PAUL NEWMAN (Harry Ross) is one of the film industry's most beloved stars
PAUL NEWMAN (Harry Ross) is one of the film industry's
most beloved stars. An eight-time Academy Award nominee,
Newman received a special honorary Oscar® in 1985 and a Best
Actor Oscar® the following year for his performance in "The
Color of Money." The films for which he received Oscar®
nominations, as an actor, include "Cat on a Hot Tin Roof,"
"The Hustler," "Hud," "Cool Hand Luke,"
"Absence of Malice," "The Verdict" and "Nobody's
Fool." He also received an Oscar® nomination for Best
Picture for "Rachel, Rachel" which he produced.
The Hollywood veteran whose career spans forty years has also
distinguished himself, as a director, with such films as "Rachel,
Rachel" (for which he received a New York Film Critics Circle
Award), "The Effect of Gamma Rays on Man-in-the-Moon Marigolds,"
"Harry and Son," "Sometimes a Great Notion,"
"The Glass Menagerie" and the television adaptation
of Michael Cristofer's "The Shadow Box."
Newman's recent screen credits include "Nobody's Fool,"
the Coen Brothers' "The Hudsucker Proxy," James Ivory's
"Mr. and Mrs. Bridge" (with Joanne Woodward), "Fat
Man and Little Boy" and "Blaze." Born in Cleveland,
Ohio in 1925, Newman began his acting career with a local children's
drama group. On his eighteenth birthday he enlisted in the Navy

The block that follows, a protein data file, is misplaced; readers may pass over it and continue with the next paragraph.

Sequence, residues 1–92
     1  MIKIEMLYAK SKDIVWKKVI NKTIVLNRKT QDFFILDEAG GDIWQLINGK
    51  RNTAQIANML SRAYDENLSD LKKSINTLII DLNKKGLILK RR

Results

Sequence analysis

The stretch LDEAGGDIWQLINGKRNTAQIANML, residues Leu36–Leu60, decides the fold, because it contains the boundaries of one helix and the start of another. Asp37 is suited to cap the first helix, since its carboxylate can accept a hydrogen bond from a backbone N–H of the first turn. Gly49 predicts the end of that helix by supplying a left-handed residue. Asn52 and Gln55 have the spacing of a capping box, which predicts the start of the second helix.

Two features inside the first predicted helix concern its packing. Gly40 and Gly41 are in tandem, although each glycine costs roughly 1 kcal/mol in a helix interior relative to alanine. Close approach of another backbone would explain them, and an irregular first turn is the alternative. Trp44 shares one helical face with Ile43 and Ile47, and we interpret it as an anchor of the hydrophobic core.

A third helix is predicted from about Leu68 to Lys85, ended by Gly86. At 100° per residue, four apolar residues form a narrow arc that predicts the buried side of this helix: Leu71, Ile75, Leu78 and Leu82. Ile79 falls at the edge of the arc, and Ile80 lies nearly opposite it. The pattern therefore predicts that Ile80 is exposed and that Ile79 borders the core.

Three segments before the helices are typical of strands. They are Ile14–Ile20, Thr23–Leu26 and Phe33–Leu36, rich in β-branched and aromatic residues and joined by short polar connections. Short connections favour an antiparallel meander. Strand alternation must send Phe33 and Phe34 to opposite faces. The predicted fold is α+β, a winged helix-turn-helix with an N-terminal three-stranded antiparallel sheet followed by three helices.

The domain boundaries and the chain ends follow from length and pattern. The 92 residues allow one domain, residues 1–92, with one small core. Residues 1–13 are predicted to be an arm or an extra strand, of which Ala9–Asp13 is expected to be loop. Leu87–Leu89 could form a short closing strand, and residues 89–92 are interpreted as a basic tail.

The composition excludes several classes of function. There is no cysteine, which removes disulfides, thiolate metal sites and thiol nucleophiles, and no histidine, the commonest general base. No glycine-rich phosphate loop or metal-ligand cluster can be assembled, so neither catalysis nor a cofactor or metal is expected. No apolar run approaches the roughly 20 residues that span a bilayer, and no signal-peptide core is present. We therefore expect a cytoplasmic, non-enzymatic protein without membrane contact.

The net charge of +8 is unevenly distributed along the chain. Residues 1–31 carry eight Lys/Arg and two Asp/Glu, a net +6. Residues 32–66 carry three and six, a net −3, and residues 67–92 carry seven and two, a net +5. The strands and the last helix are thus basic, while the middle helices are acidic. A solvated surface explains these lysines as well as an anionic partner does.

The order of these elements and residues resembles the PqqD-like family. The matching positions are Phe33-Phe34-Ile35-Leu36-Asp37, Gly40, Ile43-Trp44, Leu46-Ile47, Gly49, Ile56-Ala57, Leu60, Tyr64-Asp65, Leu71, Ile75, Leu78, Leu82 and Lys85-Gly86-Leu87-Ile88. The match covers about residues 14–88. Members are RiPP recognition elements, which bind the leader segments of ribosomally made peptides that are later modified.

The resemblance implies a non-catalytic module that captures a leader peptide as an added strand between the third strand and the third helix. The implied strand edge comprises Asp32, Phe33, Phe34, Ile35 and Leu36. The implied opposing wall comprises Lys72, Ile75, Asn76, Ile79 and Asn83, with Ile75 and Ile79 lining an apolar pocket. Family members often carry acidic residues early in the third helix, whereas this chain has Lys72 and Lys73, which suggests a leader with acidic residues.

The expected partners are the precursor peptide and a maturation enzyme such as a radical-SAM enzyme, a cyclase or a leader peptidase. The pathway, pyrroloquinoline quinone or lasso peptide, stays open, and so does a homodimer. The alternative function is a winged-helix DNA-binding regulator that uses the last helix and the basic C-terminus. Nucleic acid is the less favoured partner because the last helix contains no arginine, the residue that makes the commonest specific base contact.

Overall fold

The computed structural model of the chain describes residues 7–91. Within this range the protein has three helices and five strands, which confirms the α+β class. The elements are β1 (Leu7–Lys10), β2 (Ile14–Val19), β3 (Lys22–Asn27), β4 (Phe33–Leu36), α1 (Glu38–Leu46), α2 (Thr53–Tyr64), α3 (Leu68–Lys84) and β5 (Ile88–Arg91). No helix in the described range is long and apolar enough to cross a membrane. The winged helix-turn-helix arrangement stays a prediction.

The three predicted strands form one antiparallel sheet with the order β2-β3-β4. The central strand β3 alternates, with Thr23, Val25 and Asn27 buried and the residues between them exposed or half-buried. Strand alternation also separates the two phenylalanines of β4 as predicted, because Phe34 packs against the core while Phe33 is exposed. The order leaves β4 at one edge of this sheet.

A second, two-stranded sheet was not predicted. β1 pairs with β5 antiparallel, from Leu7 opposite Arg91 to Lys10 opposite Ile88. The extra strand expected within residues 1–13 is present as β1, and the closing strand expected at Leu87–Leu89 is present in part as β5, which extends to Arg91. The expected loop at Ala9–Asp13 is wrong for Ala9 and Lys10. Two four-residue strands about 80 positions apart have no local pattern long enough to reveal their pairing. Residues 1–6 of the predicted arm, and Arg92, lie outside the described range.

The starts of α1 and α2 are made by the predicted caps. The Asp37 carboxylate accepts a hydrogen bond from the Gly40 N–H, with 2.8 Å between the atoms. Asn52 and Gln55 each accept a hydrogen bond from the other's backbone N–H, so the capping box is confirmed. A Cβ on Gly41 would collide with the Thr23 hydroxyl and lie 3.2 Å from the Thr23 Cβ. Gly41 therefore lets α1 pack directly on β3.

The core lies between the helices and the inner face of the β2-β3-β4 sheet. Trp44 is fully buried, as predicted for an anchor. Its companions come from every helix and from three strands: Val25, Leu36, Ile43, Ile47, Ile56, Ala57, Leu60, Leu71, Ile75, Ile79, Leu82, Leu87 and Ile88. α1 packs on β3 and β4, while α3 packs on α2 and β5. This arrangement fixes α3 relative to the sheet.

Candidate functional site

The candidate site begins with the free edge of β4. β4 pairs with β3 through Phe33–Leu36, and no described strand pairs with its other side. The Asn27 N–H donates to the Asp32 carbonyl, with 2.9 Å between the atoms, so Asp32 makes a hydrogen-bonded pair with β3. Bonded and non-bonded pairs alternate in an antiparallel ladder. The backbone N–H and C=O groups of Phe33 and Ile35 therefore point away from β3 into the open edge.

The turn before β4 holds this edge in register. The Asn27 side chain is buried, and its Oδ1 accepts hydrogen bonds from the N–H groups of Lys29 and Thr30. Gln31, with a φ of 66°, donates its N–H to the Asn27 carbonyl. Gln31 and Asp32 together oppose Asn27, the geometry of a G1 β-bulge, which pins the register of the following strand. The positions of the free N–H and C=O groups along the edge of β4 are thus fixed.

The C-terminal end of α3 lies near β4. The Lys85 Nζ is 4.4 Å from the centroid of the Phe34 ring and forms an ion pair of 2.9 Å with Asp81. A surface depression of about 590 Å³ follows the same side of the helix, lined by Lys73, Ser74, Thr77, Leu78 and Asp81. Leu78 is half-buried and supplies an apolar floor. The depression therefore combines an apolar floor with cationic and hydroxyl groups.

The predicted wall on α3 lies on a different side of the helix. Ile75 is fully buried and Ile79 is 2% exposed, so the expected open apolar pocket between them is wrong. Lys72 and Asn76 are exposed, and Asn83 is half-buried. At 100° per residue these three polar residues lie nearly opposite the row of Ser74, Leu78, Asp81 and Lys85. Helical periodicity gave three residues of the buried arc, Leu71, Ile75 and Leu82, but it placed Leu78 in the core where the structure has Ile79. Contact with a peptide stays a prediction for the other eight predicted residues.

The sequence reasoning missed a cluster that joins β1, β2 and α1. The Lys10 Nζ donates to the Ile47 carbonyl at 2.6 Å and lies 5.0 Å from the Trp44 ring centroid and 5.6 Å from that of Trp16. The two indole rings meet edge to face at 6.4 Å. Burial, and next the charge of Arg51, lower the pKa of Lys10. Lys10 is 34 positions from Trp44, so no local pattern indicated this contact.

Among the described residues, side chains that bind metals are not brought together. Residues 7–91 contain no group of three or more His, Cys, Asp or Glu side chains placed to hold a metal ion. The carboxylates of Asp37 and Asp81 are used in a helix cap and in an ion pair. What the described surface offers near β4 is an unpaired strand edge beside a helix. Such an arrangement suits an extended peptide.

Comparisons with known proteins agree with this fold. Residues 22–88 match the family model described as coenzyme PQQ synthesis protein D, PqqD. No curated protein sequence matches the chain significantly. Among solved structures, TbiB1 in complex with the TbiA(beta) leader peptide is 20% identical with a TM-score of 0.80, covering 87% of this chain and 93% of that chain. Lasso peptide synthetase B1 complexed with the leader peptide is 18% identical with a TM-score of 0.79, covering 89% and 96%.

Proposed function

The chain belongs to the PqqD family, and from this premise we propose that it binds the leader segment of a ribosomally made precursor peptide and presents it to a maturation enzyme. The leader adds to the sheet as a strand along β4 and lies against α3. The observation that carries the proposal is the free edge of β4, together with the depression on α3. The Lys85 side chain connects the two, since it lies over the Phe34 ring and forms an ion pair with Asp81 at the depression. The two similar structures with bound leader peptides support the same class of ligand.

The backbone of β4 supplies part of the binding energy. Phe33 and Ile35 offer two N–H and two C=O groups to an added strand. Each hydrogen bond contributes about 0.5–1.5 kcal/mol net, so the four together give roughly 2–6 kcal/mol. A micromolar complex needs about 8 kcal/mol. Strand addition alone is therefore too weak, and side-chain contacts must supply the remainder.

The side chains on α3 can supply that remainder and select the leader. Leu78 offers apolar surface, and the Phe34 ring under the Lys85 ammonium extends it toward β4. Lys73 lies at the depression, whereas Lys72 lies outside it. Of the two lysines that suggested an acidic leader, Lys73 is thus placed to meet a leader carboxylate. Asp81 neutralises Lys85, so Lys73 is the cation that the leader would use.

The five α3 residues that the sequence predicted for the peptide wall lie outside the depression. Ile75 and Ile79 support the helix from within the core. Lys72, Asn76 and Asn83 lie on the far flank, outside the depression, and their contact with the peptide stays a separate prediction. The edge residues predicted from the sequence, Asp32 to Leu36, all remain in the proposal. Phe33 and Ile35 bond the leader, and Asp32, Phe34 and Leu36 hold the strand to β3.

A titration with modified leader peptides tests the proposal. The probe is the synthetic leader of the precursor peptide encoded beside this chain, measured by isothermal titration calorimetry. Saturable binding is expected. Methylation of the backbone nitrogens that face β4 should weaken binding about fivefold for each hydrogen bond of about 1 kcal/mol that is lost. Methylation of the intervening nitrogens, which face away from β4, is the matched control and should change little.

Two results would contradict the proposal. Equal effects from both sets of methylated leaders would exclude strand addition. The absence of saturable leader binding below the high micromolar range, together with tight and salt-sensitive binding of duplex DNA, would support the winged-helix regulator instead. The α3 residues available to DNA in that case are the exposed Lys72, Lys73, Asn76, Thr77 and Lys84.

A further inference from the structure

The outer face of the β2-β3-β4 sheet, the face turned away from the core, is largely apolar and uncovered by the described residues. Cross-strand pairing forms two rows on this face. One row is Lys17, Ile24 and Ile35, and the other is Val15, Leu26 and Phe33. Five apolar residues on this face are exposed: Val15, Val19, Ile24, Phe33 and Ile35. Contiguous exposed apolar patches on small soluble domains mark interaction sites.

and spent three years as a radioman on torpedo bombers in the
Pacific. He graduated from Kenyon College in 1949 and later enrolled
in the Yale Drama School.
He subsequently moved to New York and worked in live television
during that medium's "golden age." One of his directors
at the time was Sidney Lumet, who directed him in "The Verdict"
three decades later. Newman's first major break on Broadway was
the role of Alan Seymour in William Inge's "Picnic,"
during which he met Joanne Woodward, who was an understudy at
the time. At this time he was also accepted into the Actors Studio
after a single audition and began to study with classmates Eli
Wallach, Rod Steiger, Julie Harris and Geraldine Page.
While still appearing in "Picnic," he signed a long-term
contract with Warner Bros. and made his screen debut in "The
Silver Chalice." He took advantage of an option in his contract
to return to Broadway in the thriller "Desperate Hours,"
and did not accept another film for two years until director Robert
Wise offered him the part of boxing champ Rocky Graziano in "Somebody
Up There Likes Me."
Newman and Joanne Woodward married in 1958, and went on to co-star
in ten films together. In 1992, both received the Kennedy Center
Honors, which are presented annually to those who have made a
significant contribution to American culture through the performing
Newman's other screen credits include "Butch Cassidy and
the Sundance Kid," "The Sting" and "Slap Shot"
(all three directed by George Roy Hill), "The Rack,"
"The Left-Handed Gun," "Exodus," "From
the Terrace," "Paris Blues," "The Prize,"
"Lady L," "Torn Curtain," "Harper,"
"Hombre," "Winning," "Pocket Money,"
"WUSA," "The Life and Times of Judge Roy Bean,"
"The Towering Inferno," "Buffalo Bill and the Indians,"
"The Drowning Pool" and "Fort Apach
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